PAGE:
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Christian Marriage

George Sebastian (Joy) v. Molly Joseph (Nish)

“From a bare reference to the different provisions of the Act including preamble

thereof it is apparent that Divorce Act purports to amend the law relating to divorce of

persons professing the Christian religion and to confer upon courts which shall

include District Court and the High Court jurisdiction in matrimonial matters. In this

background, unless the Divorce Act recognises the jurisdiction, authority or power of

Ecclesiastical Tribunal (sometimes known as Church Court) any order or decree

passed by such Ecclesiastical Tribunal cannot be binding on the courts which have

been recorgnised under the provisions of the Divorce Act to exercise power in respect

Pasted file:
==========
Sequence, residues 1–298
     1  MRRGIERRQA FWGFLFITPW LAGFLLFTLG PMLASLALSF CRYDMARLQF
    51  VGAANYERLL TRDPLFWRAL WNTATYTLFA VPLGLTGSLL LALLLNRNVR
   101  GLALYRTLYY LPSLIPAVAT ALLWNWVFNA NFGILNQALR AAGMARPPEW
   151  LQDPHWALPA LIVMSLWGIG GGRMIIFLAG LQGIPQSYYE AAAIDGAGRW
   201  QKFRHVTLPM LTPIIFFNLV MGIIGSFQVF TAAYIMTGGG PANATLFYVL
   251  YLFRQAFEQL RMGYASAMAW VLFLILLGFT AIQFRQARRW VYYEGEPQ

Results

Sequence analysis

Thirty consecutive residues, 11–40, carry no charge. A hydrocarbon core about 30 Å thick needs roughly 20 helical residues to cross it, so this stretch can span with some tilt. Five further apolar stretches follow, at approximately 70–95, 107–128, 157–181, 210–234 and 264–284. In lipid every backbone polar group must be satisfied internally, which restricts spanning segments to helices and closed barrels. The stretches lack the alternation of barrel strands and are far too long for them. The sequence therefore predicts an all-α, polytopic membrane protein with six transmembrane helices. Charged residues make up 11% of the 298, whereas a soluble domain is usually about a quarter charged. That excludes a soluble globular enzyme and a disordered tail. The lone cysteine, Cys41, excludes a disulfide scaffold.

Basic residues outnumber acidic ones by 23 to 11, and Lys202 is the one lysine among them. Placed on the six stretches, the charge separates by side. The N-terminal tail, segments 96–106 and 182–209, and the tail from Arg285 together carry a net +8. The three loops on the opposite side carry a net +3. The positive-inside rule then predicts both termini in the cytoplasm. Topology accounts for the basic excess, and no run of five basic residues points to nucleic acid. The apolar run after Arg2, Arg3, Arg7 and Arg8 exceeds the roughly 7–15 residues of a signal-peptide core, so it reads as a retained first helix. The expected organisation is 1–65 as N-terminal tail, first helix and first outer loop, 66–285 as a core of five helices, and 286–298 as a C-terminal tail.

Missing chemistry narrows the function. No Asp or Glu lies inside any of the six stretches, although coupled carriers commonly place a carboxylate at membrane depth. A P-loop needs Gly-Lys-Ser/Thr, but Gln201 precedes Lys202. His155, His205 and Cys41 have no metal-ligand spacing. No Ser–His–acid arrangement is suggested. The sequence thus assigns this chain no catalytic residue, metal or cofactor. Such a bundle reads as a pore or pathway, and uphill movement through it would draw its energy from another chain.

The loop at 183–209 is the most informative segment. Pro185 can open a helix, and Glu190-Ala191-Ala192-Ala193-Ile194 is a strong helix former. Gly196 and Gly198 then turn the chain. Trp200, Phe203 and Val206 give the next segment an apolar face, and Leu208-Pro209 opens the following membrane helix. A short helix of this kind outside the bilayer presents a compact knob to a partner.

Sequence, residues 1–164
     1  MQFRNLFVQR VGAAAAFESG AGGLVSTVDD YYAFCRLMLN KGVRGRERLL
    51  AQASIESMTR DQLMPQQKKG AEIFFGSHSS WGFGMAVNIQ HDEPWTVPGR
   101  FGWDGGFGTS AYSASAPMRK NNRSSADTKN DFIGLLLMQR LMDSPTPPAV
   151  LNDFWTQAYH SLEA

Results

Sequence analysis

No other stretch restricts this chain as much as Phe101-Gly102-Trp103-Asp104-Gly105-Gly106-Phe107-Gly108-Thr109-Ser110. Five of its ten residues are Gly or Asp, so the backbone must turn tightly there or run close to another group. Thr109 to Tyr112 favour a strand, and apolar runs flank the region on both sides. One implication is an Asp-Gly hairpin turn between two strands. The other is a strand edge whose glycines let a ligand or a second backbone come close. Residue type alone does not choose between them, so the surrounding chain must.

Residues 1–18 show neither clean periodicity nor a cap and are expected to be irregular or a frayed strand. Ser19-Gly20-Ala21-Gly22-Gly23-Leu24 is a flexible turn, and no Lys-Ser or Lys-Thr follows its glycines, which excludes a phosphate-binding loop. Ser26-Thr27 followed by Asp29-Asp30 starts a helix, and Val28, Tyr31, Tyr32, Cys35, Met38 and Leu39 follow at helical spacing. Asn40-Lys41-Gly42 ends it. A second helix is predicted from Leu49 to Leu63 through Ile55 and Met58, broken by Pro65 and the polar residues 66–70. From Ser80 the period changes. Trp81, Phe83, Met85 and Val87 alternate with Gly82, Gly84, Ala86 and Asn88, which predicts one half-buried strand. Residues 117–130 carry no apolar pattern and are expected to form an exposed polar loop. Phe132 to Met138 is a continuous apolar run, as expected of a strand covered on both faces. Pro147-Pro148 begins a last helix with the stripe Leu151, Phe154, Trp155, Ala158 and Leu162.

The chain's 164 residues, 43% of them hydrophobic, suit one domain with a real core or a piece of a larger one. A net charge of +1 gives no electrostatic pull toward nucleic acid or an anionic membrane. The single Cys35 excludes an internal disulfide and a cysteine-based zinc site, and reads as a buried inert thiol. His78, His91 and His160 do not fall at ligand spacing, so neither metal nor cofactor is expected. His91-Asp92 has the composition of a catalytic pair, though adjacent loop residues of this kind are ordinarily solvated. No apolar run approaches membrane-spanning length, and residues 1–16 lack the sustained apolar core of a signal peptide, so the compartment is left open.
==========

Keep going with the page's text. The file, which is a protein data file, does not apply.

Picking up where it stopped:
of granting divorce and adjudicating in respect of matrimonial matters. It is well

settled that when legislature enacts a law even in respect of the personal law of a

group of persons following a particular religion, then such statutory provision shall

prevail and override any personal law, usage or custom prevailing before coming into

force of such Act.

From the provisions of the Divorce Act it is clear and apparent that they purport to

prescribe not only the grounds on which a marriage can be dissolved or declared to be

nullity, but also provided the forum which can dissolve or declare the marriage to be

nullity. As already mentioned above, such power has been vested either in the District

Court or the High Court. In this background, there is no scope for any other authority

including Ecclesiastical Tribunal (Church Court) to exercise power in connection with